Is there any marketing technique you’ve found that has really done a good job of getting you more users?
The number one factor in the growth of Charitable so far has been the freemium approach.
If we had not gone the freemium way, we would have put much more serious effort into developing inbound marketing strategies. Since neither of us have a marketing background, the freemium approach has allowed us to build a sustainable business on the back of a fairly reliable inbound channel: the free plugin on WordPress.org.
My advice to plugin developers: Play to your strengths. If you are a great marketer, consider starting with a premium-only product; it will reduce your support load and allow you to spend more time on development and marketing. If you’re not so strong with marketing, consider the freemium approach and take advantage of your free plugin’s presence to drive growth for your product.
Have there been any marketing efforts that were total flops? If so, why do you think they failed?
We’ve had a few experiments with PPC and social advertising that haven’t really gone anywhere.
Why did they fail? Hard to say, but if I have to guess I’d say the problem is us. We don’t have a lot of marketing expertise, and we need to work much harder to improve that skillset. That’s going to be a major part of our focus in 2018.
How did you settle on your current pricing structure with tiers and how do your extensions come into play?
We have tried a few different pricing structures over the past few years.
For quite a while, we offered our two top-tier bundles (Charitable Plus and Charitable Pro) as Pay What You Want products, with a minimum price. Our objective was to provide a way to offer Charitable at a price that makes it accessible to non-profits with limited budgets, or ones in less wealthy countries — while allowing organizations to pitch in a little extra to support Charitable development.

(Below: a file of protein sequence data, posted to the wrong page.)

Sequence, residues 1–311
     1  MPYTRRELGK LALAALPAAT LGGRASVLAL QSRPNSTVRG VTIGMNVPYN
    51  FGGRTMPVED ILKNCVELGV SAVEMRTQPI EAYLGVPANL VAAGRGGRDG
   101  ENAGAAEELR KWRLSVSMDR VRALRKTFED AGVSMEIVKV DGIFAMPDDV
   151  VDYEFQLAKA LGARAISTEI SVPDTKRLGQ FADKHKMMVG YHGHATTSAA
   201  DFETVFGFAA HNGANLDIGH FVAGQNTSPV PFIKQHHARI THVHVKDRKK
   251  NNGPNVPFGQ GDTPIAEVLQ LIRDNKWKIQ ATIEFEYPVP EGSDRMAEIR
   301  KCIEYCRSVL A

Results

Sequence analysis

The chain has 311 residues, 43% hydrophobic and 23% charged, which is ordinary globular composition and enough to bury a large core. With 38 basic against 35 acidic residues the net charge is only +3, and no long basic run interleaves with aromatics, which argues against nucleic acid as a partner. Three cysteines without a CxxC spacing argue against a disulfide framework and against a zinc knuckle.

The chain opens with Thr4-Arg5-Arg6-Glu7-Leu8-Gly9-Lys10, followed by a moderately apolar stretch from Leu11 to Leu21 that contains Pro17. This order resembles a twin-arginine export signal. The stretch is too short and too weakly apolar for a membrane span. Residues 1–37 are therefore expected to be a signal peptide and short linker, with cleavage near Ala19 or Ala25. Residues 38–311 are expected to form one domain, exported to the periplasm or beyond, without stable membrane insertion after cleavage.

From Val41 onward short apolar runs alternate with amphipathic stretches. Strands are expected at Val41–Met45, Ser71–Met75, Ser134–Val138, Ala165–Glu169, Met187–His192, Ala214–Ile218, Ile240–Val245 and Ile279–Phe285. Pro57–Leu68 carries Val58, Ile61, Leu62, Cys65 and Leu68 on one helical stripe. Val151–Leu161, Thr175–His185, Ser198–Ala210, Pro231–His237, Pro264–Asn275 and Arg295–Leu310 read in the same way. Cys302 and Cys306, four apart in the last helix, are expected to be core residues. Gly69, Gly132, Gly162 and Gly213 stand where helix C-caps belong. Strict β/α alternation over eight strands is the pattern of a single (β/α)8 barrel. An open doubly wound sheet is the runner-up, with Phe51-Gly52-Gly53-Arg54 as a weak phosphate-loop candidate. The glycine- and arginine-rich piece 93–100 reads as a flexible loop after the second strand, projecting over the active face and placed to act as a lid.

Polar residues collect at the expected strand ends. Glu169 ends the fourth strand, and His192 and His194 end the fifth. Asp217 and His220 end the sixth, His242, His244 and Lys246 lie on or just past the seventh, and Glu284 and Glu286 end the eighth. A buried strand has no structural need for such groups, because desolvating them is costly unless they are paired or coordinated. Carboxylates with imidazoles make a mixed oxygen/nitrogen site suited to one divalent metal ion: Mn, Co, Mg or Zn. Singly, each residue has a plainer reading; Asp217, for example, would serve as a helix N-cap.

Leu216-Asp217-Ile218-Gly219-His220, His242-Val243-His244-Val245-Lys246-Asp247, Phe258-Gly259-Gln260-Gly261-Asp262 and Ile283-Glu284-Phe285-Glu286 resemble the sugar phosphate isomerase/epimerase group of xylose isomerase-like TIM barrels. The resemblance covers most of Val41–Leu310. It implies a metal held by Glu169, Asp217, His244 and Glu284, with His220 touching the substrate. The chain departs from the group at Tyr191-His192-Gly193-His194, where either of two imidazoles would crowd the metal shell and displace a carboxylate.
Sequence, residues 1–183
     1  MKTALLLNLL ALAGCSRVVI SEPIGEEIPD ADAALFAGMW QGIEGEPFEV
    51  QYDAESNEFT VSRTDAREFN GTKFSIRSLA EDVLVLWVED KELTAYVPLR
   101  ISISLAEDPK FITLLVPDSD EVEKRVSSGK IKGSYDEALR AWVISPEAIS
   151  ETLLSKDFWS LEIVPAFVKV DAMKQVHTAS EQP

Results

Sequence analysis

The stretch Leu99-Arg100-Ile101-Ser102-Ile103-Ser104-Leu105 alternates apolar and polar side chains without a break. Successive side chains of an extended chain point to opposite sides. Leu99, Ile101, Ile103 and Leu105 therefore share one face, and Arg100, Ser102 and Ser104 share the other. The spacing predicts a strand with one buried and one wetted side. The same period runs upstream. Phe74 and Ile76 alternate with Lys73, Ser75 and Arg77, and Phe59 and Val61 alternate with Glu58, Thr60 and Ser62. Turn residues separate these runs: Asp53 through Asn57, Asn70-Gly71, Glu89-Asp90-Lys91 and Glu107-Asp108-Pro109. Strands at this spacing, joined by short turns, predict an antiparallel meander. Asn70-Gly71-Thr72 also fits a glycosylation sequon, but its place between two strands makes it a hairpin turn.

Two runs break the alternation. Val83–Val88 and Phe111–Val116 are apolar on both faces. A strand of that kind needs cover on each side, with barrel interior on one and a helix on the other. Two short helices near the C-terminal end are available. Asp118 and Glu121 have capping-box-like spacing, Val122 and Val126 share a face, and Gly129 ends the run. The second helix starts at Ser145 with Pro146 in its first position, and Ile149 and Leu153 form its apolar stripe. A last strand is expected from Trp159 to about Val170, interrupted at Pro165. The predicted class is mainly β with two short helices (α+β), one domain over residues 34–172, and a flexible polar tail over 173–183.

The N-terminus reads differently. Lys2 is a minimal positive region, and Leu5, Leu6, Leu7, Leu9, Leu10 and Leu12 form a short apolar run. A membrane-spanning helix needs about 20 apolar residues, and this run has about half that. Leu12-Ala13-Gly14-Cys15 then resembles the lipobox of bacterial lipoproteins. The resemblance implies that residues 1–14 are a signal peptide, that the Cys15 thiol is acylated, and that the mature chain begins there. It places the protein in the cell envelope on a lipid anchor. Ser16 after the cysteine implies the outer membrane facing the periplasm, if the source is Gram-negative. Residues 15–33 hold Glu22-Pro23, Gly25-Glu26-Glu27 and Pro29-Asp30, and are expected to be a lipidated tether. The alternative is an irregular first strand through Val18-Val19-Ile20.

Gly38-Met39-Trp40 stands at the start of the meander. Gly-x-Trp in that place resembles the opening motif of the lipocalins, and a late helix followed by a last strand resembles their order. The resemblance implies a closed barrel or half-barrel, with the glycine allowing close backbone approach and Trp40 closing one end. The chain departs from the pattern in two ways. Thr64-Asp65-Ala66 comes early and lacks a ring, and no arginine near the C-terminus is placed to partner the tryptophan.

Most customers paid the minimum price, which was fine, but the bigger problem was that the PWYW model confused customers. Last October we switched our Plus and Pro packages to fixed price products at what was previously the minimum rate. At the same time, we added another lower-tier product (the Starter package) and we sell that with the PWYW model, with extra plugins included when you pay more.
I wouldn’t say that we have settled with the pricing structure we have. We will probably keep tweaking and experimenting with how we offer Charitable to customers, especially as the product and market both evolve.
What do you wish someone had told you before you started building Charitable?
That’s a tough one. I read a lot, and listen to a lot of podcasts, and I picked up a lot of great business advice before we ever started working on Charitable.
But with so much great advice coming my way, I wish that someone had told me to stay focused and be decisive. Not every piece of advice has to be followed, not every strategy has to be adopted, and you’ll need to say no far more often than you say yes. Gather your energy, make a decision about what matters, and focus on that.
What does the future hold for yourself and Charitable?
Refinement is a major focus for Charitable in 2018. We have a few new features and extensions planned, but much of what we are working on this year is focused on taking what we have and improving it.
There are also a couple looming events that we are preparing ourselves for: the new block editor in WordPress 5.0, and GDPR legislation in the EU. These are two major changes that will have an impact on us and our customers this year, and we’re working hard to be ready for them both.